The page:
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The purpose of this study was to investigate central nervous system (CNS) strategies for controlling multifinger forces during a circle-drawing task. Subjects drew 30 concentric, discontinuous clockwise and counter clockwise circles, at self and experimenter-set paces. The three-dimensional trajectory of the pen’s center of mass and the three-dimensional forces and moments of force at each contact between the hand and the pen were recorded. Uncontrolled Manifold Analysis was used to quantify the synergies between pen-hand contact forces in radial, tangential and vertical directions. Results showed that synergies in the radial and tangential components were significantly stronger than in the vertical component. Synergies in the clockwise direction were significantly stronger than the counterclockwise direction in the radial and vertical components. Pace was found to be insignificant under any condition.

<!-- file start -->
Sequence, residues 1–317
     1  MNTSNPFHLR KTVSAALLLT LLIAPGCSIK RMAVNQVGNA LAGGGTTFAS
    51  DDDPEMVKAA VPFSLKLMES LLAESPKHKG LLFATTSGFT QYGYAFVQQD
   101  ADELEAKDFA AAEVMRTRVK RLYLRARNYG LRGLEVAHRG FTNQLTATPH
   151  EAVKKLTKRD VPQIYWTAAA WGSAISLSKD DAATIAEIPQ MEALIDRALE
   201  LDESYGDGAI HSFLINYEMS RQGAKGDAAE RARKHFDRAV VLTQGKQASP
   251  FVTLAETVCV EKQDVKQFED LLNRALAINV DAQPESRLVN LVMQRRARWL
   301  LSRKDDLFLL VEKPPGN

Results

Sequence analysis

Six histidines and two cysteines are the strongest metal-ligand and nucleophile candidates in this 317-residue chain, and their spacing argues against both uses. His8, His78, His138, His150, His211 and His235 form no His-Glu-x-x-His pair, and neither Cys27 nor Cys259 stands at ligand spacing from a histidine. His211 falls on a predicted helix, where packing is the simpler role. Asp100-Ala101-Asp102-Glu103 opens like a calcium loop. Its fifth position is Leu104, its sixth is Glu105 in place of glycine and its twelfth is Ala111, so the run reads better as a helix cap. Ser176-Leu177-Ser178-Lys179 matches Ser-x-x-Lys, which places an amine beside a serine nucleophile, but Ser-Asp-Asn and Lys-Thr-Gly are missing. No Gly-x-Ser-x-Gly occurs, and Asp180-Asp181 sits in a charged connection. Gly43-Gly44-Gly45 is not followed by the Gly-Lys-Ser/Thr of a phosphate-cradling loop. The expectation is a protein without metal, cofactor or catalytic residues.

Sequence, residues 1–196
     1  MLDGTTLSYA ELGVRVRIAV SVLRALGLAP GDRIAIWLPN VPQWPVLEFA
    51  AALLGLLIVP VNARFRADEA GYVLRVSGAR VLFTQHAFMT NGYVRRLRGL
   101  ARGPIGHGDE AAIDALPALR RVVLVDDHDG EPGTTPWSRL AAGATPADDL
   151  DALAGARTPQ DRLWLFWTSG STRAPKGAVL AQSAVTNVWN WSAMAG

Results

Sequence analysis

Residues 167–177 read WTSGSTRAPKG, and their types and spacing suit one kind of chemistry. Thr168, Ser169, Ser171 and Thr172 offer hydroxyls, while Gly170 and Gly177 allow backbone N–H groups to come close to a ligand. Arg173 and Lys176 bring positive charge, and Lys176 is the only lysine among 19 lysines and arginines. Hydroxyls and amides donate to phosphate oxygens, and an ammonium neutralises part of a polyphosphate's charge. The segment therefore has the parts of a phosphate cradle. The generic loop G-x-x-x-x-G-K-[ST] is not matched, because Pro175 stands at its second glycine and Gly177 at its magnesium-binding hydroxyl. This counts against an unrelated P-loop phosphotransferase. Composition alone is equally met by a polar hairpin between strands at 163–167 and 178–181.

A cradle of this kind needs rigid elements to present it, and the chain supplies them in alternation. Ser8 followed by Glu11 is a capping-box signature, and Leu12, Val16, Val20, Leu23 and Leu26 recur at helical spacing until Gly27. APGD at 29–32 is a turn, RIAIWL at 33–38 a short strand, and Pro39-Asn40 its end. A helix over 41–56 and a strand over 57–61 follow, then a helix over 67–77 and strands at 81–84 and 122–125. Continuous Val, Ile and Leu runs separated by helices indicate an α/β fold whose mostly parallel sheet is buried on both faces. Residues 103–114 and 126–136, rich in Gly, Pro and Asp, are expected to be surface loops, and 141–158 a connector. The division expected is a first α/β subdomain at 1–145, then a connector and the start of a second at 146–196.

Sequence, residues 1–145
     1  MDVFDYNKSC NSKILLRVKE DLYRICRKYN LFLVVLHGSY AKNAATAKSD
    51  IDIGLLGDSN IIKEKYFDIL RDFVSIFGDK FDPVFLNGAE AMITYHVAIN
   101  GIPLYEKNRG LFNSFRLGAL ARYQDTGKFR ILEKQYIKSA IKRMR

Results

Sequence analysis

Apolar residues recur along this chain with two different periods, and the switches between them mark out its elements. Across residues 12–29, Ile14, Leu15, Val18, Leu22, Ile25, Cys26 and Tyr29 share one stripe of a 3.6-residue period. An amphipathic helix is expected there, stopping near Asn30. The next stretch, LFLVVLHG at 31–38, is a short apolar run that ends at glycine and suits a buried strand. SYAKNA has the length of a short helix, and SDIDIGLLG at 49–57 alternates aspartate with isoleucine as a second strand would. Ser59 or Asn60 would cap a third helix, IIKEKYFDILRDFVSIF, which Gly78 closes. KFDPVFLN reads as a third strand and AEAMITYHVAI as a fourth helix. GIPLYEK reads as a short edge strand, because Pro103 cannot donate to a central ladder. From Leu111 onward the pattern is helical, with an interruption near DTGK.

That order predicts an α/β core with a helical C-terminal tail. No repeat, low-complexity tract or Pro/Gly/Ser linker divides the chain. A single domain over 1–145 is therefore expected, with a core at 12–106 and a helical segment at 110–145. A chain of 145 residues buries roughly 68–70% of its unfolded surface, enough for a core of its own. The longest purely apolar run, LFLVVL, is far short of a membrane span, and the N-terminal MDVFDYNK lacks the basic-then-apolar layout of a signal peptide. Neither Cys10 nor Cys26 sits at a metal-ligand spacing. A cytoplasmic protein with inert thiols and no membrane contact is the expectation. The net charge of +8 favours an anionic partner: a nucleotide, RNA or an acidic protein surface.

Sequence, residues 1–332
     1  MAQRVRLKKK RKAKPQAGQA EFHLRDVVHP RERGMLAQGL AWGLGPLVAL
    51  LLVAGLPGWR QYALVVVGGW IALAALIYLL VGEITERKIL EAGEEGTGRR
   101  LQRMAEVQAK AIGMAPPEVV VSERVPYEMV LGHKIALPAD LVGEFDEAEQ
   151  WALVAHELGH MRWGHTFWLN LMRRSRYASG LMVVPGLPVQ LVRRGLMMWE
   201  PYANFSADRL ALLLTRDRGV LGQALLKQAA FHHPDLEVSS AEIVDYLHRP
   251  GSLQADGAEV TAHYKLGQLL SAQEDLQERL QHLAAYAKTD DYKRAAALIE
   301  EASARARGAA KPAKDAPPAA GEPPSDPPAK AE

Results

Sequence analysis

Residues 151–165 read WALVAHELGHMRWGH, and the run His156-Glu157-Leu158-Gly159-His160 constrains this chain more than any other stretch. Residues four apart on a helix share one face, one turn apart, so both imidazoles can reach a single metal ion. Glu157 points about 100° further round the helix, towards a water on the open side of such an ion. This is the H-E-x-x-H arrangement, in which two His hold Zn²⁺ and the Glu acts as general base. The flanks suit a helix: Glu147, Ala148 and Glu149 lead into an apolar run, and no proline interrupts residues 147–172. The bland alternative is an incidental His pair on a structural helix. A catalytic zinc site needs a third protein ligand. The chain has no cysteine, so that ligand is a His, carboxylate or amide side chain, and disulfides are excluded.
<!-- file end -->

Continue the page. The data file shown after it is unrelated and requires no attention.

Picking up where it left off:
Hooke, Karol, Park, and Shim are with the Department of Kinesiology, University of Maryland, College Park, MD. Kim and Shim are with the Department of Mechanical Engineering, Kyung Hee University, Global Campus, Korea. Shim is also with the Neuroscience and Cognitive Science Graduate Program, and the Fischell Department of Bioengineering, University of Maryland, College Park, MD.